Kyle Emerson's New "I Can Change" Video Combines the Desert’s Psychedelic Mystique with Slick Indie-Folk Flare

By: Julia Talen

Currently featured as one of Indie 102.3 FM’s Local 303 Artists, indie rocker Kyle Emerson has been building anticipation of his sophomore album, Only Coming Down, out this fall. He dropped his first single from the forthcoming album, “May You Find Peace,” earlier this year. His second single was just released with a stop-motion collaged music video for the song “I Can Change.” Emerson says that the tune was, “written very quickly and demoed acoustically shortly after. Not overthinking the lyrics and letting them be more on the raw, personal side of the spectrum felt like the only place to exist lyrically… and it influenced the direction of the album from there.

The track feels very personal, and the music video alludes to that rawness while also being playful with a hodgepodge of colorful imagery that adds to the story behind this captivating piece. The video opens with a woman lying down facing a window of a moving van, as viewers look over her shoulder and see the van passing from the city to the suburbs to the sea and eventually to space, as the window frame melts away. Dawn breaks, and a grizzly head rises over a mountain like the sun as Emerson begins to sing, presumably connecting Emerson to this grizzly face. 

The lyrics offer a plea, seemingly to the girl in the van, that the protagonist of the song can change his partying ways, but as the music video evolves, we see less of that girl and more of a grizzly bear-headed man playing music. As the collaged video evolves and ebbs with cut-out butterflies swooping over backdrops and colorful layers that shift like a kaleidoscope, listeners realize this song has transformed into a plea no longer to the girl, but to the protagonist’s own self that he can change. 

Kyle Emerson.

Kyle Emerson.

The refrain swells at the same time the viewer sees the words “I Can Change” in white, bold font scroll over the vibrant background like film credits, while voices harmonize and instruments explode. Emerson cries the lyrics, “I can change/ I can change/ I can change.” He continues singing, “I’ll just hit the highway/and start all over again,” when the van from the beginning appears and drives through the forest, the mountains, San Francisco and Joshua Tree. As demons symbolized by images of fire, bats, caves and booze continue to follow the grizzly-headed character, there is a heightening of tension between adventure, nature, escapism, and haunting thoughts- all the themes of this memorable song.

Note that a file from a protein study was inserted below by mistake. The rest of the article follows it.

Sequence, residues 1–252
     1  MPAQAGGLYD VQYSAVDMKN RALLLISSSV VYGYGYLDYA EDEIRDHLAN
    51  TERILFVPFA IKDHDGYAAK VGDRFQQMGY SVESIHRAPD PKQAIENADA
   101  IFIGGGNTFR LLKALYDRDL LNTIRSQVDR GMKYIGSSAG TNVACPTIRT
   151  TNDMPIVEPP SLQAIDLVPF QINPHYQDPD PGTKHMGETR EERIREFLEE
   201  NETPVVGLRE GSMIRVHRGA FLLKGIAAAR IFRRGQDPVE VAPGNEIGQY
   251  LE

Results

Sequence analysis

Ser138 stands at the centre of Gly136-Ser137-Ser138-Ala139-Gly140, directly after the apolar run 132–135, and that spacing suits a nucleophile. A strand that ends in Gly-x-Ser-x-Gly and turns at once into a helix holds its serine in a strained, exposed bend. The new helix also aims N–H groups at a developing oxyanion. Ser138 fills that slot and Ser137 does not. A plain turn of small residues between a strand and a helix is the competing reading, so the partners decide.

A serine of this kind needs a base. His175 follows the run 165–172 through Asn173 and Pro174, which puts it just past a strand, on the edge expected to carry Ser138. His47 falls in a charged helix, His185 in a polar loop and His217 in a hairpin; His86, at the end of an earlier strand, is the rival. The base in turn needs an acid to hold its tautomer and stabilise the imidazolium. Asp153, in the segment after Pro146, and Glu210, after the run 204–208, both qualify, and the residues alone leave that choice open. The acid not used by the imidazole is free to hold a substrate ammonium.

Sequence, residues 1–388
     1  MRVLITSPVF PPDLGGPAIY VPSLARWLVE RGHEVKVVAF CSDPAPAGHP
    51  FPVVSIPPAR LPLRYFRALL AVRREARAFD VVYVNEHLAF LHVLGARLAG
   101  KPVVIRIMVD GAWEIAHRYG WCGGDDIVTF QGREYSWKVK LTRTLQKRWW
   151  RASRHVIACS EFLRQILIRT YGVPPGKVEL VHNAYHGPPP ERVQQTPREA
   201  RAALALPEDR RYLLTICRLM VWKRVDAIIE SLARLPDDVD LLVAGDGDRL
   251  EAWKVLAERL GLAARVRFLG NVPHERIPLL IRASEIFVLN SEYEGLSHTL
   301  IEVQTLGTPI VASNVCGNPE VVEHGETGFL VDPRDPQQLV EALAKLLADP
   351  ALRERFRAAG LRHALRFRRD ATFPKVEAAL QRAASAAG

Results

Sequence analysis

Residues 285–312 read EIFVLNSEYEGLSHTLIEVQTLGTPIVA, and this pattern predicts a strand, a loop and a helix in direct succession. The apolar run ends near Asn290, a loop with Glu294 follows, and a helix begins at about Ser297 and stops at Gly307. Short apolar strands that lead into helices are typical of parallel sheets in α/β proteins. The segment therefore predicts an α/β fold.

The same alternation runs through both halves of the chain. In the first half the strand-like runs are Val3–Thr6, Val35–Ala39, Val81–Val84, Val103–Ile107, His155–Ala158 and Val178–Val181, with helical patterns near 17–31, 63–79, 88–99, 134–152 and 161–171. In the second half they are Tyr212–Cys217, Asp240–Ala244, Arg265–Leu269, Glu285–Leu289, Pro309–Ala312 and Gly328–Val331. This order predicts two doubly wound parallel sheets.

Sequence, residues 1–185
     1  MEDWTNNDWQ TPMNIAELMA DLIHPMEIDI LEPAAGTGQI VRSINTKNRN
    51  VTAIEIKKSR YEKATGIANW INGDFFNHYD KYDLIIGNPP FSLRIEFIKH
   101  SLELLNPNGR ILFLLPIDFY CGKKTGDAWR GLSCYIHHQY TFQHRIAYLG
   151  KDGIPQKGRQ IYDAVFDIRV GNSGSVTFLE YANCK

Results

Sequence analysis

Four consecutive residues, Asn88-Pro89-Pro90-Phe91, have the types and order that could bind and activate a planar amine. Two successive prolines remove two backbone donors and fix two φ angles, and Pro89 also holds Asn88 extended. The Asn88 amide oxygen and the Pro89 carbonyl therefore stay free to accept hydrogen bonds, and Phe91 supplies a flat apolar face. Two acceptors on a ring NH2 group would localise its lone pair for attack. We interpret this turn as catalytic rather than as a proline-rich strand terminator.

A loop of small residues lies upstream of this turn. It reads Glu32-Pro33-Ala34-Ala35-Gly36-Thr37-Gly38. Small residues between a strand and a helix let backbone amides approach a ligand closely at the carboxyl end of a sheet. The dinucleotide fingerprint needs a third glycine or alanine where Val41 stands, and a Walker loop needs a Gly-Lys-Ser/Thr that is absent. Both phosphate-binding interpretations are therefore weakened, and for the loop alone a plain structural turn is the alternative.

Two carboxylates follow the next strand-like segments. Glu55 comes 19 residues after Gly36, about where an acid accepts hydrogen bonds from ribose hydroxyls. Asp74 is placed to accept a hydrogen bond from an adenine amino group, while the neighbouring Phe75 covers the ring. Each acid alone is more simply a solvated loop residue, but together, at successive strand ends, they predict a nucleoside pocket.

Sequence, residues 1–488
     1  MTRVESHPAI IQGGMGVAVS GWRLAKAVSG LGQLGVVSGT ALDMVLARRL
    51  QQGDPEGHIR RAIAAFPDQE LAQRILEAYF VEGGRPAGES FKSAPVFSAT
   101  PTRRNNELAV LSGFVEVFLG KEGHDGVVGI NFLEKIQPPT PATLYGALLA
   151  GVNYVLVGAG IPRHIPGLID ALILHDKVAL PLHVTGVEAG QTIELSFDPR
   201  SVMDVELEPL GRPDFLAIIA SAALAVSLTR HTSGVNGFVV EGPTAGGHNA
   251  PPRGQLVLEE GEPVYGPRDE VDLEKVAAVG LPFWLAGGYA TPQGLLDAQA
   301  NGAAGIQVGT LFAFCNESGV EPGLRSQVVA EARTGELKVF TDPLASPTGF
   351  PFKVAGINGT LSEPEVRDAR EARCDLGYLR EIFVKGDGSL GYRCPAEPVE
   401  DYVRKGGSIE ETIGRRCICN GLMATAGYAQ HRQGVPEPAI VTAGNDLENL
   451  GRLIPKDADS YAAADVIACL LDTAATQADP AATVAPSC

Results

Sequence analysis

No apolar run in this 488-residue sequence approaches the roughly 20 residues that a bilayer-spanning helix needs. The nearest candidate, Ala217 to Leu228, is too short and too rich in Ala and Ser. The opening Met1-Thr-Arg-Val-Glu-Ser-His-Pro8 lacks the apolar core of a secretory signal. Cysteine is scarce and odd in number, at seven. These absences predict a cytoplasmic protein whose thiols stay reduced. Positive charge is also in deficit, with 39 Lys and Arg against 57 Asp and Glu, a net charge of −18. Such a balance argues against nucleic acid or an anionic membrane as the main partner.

Given Emerson’s success with his first album, Dorothy Alice, it’s no surprise that this local artist continues to create music rich with elements of the desert’s psychedelic mystique welded with his own slick indie-folk flare. Check out Emerson play this tune and others as he performs on the Main Stage at the Uundergound Music Showcase this Sunday, July 28th at 3:20PM.

-Julia

All photos, videos, and embedded tracks per the artists featured and those credited. This feature was edited for brevity and clarity by BolderBeat.

Professor Plumb’s "Pleiades" Is Brought to Life in an Epic, Animated Space Odyssey

By: Adam Cabrera

In Professor Plumb’s new music video, their psych-rock song “Pleiades” is brought to life in an epic, animated space odyssey. 

Composed by bandleader Benom Plumb and animated by Jeremy Brown, the blazing rock’n’roll instrumental is illustrated into an adventure out of the solar system and across the galaxy to the distant star cluster known as the Pleiades. 

The track, which was first released in 2018 on their Majic 12 EP, is an example of the band’s compositional side. Plumb argues, “I've always thought of myself as more of a composer, than an artist. So at this very early stage in my solo music journey, it's an important part of my overall sound and style.” 

As for the video itself, Plumb was inspired by an old astrological myth while stargazing one night at his home. “My backyard faces south,” Plumb explains, “and on the clearest winter night, the Pleiades can be seen near Orion. There's a ton of legend and mystery surrounding the Pleiades… that's when I came up with the idea for the video.” Planetary alignment, end-of-the-world prophecies, and other science fiction can be found all over Professor Plumb’s other work in songs like “Red Sky” or “Dark Star,” and this new music video is no exception. 

Professor Plumb Band Poster Four Corners Logo Bigger Centered.jpg

Plumb took his ideas to Brown, initially picturing a fleet of alien spaceships headed home to their star in the Pleiades. However, according to Plumb, they decided to remove the ships in favor of something more visually abstract while still trying to allude to the idea of an advanced alien civilization. In place of spaceships, Brown came up with the concept of an outer space “megastructure.”

“Visually, it’s a hodgepodge of concept art from all over the internet and from some of my favorite sci-fi films, TV shows, and games,” Brown says about the music video’s final image of a Dyson sphere (a colossal space structure built to harness the energy of a star).